D.C. Civil Action No. 72-361 APPEAL FROM THE UNITED STATES DISTRICT COURT FOR THE WESTERN DISTRICT OF PENNSYLVANIA
Hastie, Van Dusen and Adams, Circuit Judges.
Allen Brunwasser, a practicing lawyer, has taken this appeal from a summary adjudication under which he stands convicted of contempt of court.
On October 19, 1972 District Judge Hubert I. Teitelbaum instructed Brunwasser, counsel for plaintiffs in a civil action then pending before Judge Teitelbaum in the District Court for the Western District of Pennsylvania, to appear for oral argument at 9:30 A.M. on Friday, January 19, 1973. On Wednesday, January 17, Brunwasser began a trial in state court. He continued to conduct that trial on January 18 and 19, thus failing to appear as directed before Judge Teitelbaum on the morning of January 19.
Shortly after Brunwasser failed to appear, Judge Teitelbaum entered an order instructing Brunwasser to appear at 4:00 P.M. on the same day and to show cause why he should not be held in contempt for his absence that morning. That order also instructed the United States Marshal to take custody of Brunwasser and bring him before Judge Teitelbaum at 4:00 P.M. Although the record is unclear, it seems that Brunwasser was first notified of the show cause order when the marshal arrested him sometime in the afternoon.
At the 4 o'clock hearing Brunwasser requested a postponement in order to consult with counsel and prepare a defense. He also asked Judge Teitelbaum to recuse himself. Judge Teitelbaum denied both requests, but gave Brunwasser an opportunity to explain why he had not appeared that morning.
In responding, Brunwasser stated that he had gone to the state court that morning, believing that he was obligated to do so, that he had "brought the matter [of conflicting commitments] to Judge Clarke's [the state judge's] attention" and that Judge Clarke then instructed him: "'You stay here. We are going on with this case.'" Judge Teitelbaum found this explanation insufficient, adjudged Brunwasser in contempt and sentenced him to 48 hours in county jail, effective immediately. The judge also denied Brunwasser's request for release on bond pending a supersedeas or an appeal.*fn1 The present appeal was perfected after Brunwasser had served his full 48 hour sentence.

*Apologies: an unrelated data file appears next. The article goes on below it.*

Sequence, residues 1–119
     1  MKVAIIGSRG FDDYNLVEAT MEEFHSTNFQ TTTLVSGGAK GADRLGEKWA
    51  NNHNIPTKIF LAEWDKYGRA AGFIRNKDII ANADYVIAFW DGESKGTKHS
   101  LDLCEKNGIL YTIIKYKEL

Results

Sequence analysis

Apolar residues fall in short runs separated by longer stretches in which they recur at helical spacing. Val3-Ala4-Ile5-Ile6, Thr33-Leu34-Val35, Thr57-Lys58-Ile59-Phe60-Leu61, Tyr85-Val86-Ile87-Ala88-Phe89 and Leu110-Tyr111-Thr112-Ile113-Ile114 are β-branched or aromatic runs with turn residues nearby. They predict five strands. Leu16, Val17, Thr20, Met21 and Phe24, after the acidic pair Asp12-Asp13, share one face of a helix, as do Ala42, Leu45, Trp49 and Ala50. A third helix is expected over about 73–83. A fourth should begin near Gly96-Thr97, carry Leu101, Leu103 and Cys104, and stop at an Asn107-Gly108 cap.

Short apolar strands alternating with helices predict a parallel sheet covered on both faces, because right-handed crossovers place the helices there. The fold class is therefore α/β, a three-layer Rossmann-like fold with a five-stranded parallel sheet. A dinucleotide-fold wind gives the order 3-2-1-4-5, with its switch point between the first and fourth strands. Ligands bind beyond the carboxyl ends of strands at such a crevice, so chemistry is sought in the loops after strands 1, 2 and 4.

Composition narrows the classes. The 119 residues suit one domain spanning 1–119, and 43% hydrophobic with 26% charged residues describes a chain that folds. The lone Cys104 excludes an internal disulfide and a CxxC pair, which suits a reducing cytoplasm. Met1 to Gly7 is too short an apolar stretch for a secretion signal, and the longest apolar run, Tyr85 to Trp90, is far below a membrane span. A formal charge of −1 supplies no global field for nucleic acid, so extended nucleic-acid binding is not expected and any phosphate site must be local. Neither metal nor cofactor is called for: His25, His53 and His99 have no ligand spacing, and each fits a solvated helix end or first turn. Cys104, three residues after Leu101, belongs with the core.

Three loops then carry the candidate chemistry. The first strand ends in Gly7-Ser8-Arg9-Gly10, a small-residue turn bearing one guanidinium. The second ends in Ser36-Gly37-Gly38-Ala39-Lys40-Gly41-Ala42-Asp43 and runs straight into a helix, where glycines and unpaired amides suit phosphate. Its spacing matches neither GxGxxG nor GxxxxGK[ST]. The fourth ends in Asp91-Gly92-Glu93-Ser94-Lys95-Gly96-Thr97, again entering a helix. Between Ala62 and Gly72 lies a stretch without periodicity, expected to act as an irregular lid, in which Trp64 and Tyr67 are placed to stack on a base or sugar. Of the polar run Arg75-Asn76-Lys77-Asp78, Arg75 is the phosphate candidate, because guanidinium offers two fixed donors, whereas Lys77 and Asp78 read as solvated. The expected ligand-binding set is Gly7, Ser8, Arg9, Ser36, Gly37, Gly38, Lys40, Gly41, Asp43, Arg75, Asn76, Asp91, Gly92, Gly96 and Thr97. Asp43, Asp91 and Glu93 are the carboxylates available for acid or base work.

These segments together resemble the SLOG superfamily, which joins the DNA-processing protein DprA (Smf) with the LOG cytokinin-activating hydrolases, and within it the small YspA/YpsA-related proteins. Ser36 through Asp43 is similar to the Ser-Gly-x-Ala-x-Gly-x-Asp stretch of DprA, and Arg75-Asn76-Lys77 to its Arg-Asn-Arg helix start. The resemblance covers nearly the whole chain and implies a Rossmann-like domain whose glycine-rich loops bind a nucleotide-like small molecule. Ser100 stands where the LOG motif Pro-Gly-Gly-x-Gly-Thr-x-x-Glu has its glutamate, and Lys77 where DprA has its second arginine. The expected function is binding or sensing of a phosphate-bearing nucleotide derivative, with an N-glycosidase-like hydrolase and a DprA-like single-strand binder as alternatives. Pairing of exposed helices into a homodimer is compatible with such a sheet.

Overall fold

Certain additional statements of fact appear in a memorandum opinion filed by the district judge after sentence had been imposed and served. That opinion states that during the afternoon immediately preceding Brunwasser's scheduled conflicting appearances in state and federal courts, Judge Teitelbaum's office had informed Brunwasser that Judge Teitelbaum had obtained the consent of the President Judge of the state court (not the judge before whom Brunwasser was trying a case) that Brunwasser appear the following morning in federal rather than state court. The opinion also recites that, after the 4:00 P.M. hearing at which Brunwasser was orally adjudged in contempt, but before that adjudication was reduced to writing and before Brunwasser was taken to jail, Judge Teitelbaum had telephoned Judge Clarke. At that time Judge Clarke stated that he had informed Mr. Brunwasser (presumably when Brunwasser appeared for the state proceeding) that he had agreed to postpone the state court hearing, but Brunwasser then told him that the Federal matter "had been taken care of".
It is agreed that the procedure which Judge Teitelbaum followed is that of summary contempt, as authorized and limited by Rule 42(a), F.R.Cr.P. That rule provides:
"Summary Disposition. A criminal contempt may be punished summarily if the judge certifies that he saw or heard the conduct constituting the contempt and that it was committed in the actual presence of the court. The order of contempt shall recite the facts and shall be signed by the judge and entered of record."
Rule 42(b) states that all criminal contempts not decided under Rule 42(a) are subject to various due process safeguards, including, inter alia, notice, reasonable time for preparation of a defense, and admission to bail. Although the rule does not expressly provide for it, in our view a defendant is entitled to representation by counsel in a Rule 42(b) proceeding. Cooke v. United States, 1925, 267 U.S. 517, 537, 69 L. Ed. 767, 45 S. Ct. 390; Argersinger v. Hamlin, 1972, 407 U.S. 25, 32 L. Ed. 2d 530, 92 S. Ct. 2006.
At the outset, the government argues that this appeal is moot because Brunwasser has fully served his sentence. Two considerations ...